Presentation on theme: "Electricty. Object gain or lose electrons to become charged. Opposite charge attract likes repel. Any charge will attract a neutral object. When touching."— Presentation transcript:
Object gain or lose electrons to become charged. Opposite charge attract likes repel. Any charge will attract a neutral object. When touching electrons are transferred between conductors. All charges are measured in Coulombs (C) and must be a multiple of the charge on an electron 1.6x10 -19 C Remember protons do not move out of the nucleus, it is only the transfer of electrons that cause a charge.
The electrostatic force between two charged objects is determined by there charges(q) and the distance between them. We can use this to find the net force on a charge due to other charges. Use sum of the forces methods as previously discussed. Direction must be interpreted from the charges. Typically a negative force is attractive and positive is replusive.
A electric field tells us the force that a charge would experience at a location around a charged object. The density of the electric field lines determine the relative strength of the force at that location. Field lines always point in the direction that a positive test charge would move at that location. Voltage or POTENTIAL DIFFERENCE is the amount of energy per unit charge (J/C) at a location in the field.
Current (I) is the amount of charges that passes a point every second I = q/t. Units are Amps or C/s A circuit must have a source of potential difference (voltage or EMF), an energy user, and a complete path for the electrons to travel through. Ammeters measure current through a branch of a circuit and must be wired in series. They have a low resistance so not to use any energy as the current flows through. Voltmeter must the drop in potential difference around an energy user. They must be wired in parallel around the user. They have a high resistance to keep all of the current from flowing through the voltmeter instead of the device.
Resistance uses the energy supplied by the potential difference. Can be converted to heat or light etc. This is due to the electrons interfering with the molecules in the resistor. Resistance can be found using the equation: Resistivity is a property of the material that the resistor is made of. As temperature increases resistance increases as well. Remember electrons are lazy.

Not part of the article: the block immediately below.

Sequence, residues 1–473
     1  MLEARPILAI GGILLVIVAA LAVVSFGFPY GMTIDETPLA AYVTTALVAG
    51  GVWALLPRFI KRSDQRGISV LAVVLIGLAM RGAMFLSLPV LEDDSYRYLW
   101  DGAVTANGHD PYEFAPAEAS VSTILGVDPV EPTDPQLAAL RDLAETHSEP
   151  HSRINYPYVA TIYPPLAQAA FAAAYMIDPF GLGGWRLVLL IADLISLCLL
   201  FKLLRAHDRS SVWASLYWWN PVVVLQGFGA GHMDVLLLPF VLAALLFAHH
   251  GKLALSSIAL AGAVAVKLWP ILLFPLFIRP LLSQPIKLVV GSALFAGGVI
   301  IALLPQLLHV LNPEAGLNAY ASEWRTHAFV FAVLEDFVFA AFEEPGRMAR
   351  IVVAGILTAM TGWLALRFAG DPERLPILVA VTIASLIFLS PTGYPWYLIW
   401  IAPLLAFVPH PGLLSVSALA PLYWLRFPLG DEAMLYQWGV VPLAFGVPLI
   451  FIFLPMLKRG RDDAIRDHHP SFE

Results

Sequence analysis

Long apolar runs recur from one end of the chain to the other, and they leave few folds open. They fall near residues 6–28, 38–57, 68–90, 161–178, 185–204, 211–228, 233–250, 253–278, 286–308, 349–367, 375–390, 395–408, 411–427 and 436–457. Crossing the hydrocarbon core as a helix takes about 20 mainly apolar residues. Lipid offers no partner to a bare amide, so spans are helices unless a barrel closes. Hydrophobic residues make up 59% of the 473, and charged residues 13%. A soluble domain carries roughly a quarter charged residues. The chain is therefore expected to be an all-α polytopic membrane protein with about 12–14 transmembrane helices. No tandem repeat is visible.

V= IR This holds true for most circuits and most resistors. For a specific resistor, as the potential difference increases, the current passing through also increases.
P = VI units are watts Remember this can be rearranged many ways using ohm’s law V=IR Since P=W/t and W is synonymous with energy we can say Energy = Pt or Energy = VIt Units are J
Junction Rule – Total current into a junction must equal the total current out of a junction Loop Rule – Around any closed loop in a circuit, the total potential difference added to the loop by a power source must equal the total potential difference used by the components of the loop. These are two very important rules for solving series and parallel circuits.
Only one path for current. No junctions means that the current stays constant through out. Resistors in series are added together to find the total resistance. Drops in potential difference can be added together to find the total or terminal voltage.
A parallel circuit has a path for each energy user in the circuit. Since each user is on its own loop, according to kirchoff, each gets the terminal voltage. Because there are many junctions, the total current is sum of the current passing through each user. Resistance is tricky. The more resistors added in parallel, the smaller the total resistance becomes.
Complex circuits combine sections in series and some in parallel. The standard series and parallel rules apply to each of these sections. The best method is to find the equivalent resistance of each parallel section and treat the whole thing as a series circuit. Once you have found total resistance, current, and voltage, you can start to expand the circuit to solve for unknowns at each resistor using the proper series or parallel laws depending on the location in the circuit.